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Losing It

Sometimes when Simon is losing it or being really difficult, I pretend I’m being filmed or that I’m in a public space. I know that sounds really, really strange, but I figure if I discipline as though I were on public view, I might just do a better job of maintaining control. It keeps me from screaming (which I do rarely) or swatting (which I have never done) and generally makes it easier to discipline according to my principles instead of just reacting out of anger or frustration.

By this measure, today was an epic fail. We’ll all be OK, but I did have to apologize to Simon before he left for camp this morning, and I may do it again when he gets home to increase my odds of his understanding me.

It was pretty much a perfect storm that began with my waking up late (again) and not well rested (again). The short story about my sleeplessness is that after burning the candle at both ends for too many weeks in a row, I realized last week that I was exhausted and needed to get more sleep. And the very first night I tried, I started having something called “middle insomnia.” I fall asleep just fine, but then wake up at 3:30 or 4:00 a.m. and have trouble getting back to sleep before 5:00 or 6:00. I’m working on my sleep hygiene, but I’m also pooped and not on my A-game.

Into this mix stepped a toddler who is going through a difficult patch of wanting to constantly assert his independence even as he lacks the skills to do so. Lately, everything has been a negotiation: leaving camp, getting into his car seat or stroller, leaving the park, walking through parking lots or other places where he has to hold our hands, changing his clothes or diapers, taking a bath—all of it.

So there I was this morning, running late and not feeling well. I got myself downstairs just after Matt put Simon into his swim-trunks and shirt (today is a water-play day) and asked him about breakfast. Would he like oatmeal? “I can’t eat oatmeal now” came the (whiny) response. Would he like baby-cakes? “I can’t eat oatmeal now” came the (whiny) response several more times.

That cleared that up! So I decided that I’d make pancakes and if Simon didn’t eat them, I would. I just didn’t feel right about sending him off to camp having offered him nothing but dry cereal for breakfast. While I was finishing, Simon asked for grapes. I told him that he could have grapes, but not just grapes, and that he’d need to eat these in the kitchen instead of dragging them into the living room (a bad habit we have with pancakes). That started more whining, as both eating in the kitchen and not having grapes seemed equally undesirable to Simon.

When I finished the pancakes and offered them to him, he was still whining and crying about the grapes. So I put them on the kitchen counter, told him we’d get back to them in a few minutes, and went to fetch his water clogs and pack up his bag for camp. While I was busy putting shoes in his pack, I heard a thunk, a splat, and a wail.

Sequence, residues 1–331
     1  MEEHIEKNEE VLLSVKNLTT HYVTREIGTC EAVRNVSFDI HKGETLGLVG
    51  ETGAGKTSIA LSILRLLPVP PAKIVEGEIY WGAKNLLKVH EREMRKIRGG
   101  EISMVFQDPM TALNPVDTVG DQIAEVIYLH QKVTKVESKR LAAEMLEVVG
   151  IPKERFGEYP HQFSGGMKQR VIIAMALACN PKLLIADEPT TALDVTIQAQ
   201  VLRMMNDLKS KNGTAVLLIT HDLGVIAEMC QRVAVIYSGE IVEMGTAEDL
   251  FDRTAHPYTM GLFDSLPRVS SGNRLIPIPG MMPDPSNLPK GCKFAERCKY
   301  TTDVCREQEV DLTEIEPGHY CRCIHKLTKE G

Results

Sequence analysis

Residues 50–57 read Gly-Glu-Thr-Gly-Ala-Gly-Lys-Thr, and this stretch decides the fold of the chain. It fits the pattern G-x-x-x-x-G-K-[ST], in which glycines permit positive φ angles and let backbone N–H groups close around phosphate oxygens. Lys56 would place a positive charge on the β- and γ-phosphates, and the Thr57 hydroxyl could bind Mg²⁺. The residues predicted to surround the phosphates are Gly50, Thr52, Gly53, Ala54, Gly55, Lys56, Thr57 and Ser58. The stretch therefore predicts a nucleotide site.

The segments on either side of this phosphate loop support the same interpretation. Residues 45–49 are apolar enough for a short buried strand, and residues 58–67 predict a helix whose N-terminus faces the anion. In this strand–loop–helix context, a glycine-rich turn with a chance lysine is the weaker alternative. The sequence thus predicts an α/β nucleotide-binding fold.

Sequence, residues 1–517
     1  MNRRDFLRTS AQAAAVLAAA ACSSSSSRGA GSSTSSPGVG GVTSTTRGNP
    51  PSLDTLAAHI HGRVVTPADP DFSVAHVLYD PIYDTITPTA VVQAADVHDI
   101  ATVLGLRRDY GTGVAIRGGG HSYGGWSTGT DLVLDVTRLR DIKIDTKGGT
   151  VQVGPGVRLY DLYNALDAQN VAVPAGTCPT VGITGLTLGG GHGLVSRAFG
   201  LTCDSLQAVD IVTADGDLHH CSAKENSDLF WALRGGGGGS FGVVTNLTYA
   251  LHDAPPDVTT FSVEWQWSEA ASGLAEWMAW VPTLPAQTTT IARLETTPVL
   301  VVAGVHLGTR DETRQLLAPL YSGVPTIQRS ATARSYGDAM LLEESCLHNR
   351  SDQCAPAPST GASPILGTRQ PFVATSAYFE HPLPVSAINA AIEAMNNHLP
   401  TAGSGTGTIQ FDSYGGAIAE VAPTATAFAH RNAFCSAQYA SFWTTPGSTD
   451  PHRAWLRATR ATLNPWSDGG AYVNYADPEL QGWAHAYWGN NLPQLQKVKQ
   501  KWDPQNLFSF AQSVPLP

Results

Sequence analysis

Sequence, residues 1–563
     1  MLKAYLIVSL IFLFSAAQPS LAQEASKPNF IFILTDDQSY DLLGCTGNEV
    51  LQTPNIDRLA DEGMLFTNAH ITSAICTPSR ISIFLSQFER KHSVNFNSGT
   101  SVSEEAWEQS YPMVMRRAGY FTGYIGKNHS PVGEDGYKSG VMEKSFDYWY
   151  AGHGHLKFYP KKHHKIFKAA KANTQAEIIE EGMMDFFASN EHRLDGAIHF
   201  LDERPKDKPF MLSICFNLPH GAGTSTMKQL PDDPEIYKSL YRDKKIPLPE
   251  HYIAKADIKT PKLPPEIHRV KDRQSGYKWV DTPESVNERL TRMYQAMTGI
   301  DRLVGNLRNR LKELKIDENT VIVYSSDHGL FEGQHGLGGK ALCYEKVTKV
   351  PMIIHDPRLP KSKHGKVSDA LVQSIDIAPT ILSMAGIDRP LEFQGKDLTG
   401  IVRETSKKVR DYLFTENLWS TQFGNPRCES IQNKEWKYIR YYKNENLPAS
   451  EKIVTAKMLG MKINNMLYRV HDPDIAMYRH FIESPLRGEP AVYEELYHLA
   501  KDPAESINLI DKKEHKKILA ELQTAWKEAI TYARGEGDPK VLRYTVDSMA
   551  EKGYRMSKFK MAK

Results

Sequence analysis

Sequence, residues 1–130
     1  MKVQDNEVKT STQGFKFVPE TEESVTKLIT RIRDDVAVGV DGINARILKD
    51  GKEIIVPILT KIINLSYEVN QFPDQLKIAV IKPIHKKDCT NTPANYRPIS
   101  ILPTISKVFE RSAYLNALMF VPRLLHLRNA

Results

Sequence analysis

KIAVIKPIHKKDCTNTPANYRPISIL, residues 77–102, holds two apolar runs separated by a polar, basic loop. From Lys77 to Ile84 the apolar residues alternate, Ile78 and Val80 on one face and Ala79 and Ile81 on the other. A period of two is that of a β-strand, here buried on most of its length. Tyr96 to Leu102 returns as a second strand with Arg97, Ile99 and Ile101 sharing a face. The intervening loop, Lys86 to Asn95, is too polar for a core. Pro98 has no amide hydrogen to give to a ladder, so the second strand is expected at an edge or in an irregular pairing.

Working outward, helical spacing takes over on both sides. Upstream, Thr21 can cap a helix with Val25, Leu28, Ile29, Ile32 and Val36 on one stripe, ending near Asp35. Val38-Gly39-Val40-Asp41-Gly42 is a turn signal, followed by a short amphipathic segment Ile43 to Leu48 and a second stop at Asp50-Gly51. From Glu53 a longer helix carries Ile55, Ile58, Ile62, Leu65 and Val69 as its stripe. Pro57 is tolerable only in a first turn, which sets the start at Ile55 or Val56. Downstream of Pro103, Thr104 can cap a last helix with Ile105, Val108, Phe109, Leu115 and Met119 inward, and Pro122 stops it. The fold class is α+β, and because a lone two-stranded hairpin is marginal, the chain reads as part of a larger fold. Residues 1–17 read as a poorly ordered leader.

Yep. Simon decided he wanted pancakes and orange juice after all, made a grab for the tray, and knocked the entire thing off the counter. He was covered in orange juice. My floor was covered in orange juice. His juice glass, a two layer thing with frogs, glitter, and discs between layers, came apart in the fall. The pancakes were covered in juice, frogs, and glitter. And in the middle of it all stood Simon—wailing, stomping in the sticky juice, and picking up and crying over his pancakes, whether because they were ruined or because he didn’t want them I was unsure until I threw them away and he wailed and stomped even more.

And there I stood, tired and crabby, facing a horrible mess and an unfed child who needed to be changed and out the door in about three minutes. He wailed and crabbed, and I’m afraid I did not parent as though the cameras were on me. Instead, I yelled. I yelled at him for whining and crabbing. I yelled at him for not wanting his breakfast when I first offered it. I yelled at him for making a bigger mess by stomping in it. I yelled at him for getting in my face and making it hard to clean up. And, for good measure, I yelled at him for only wanting the pancakes now that I had to throw them out.

About the only thing I got right was not yelling at him for pulling the tray over in the first place. I guess that’s a start. I’ve replayed this in my mind a few times to figure out what I wish I had done. I wish I had either sat Simon at the table or put the tray out of reach. I wish I would have consoled him that accidents happen, removed him from the mess, and worked on cleaning him up before I tended to the floor. I wish I wouldn’t have yelled at all, as it only fed negative emotions in both of us. I wish I would have given myself a time-out when I felt the urge to yell.

In short, I wish I would have parented as though the cameras were rolling. Absent that, I’m praying for a decent night’s sleep and am going to start reading Kids, Parents, and Power Struggles.

2 Responses to “Losing It”

  1. blg says:

    I hope you get your sleep.
    Simon will not be scarred for life.
    You are among the very best mom’s I know.

  2. christine says:

    Don’t beat yourself up. You’re tired. You’re a great mom.

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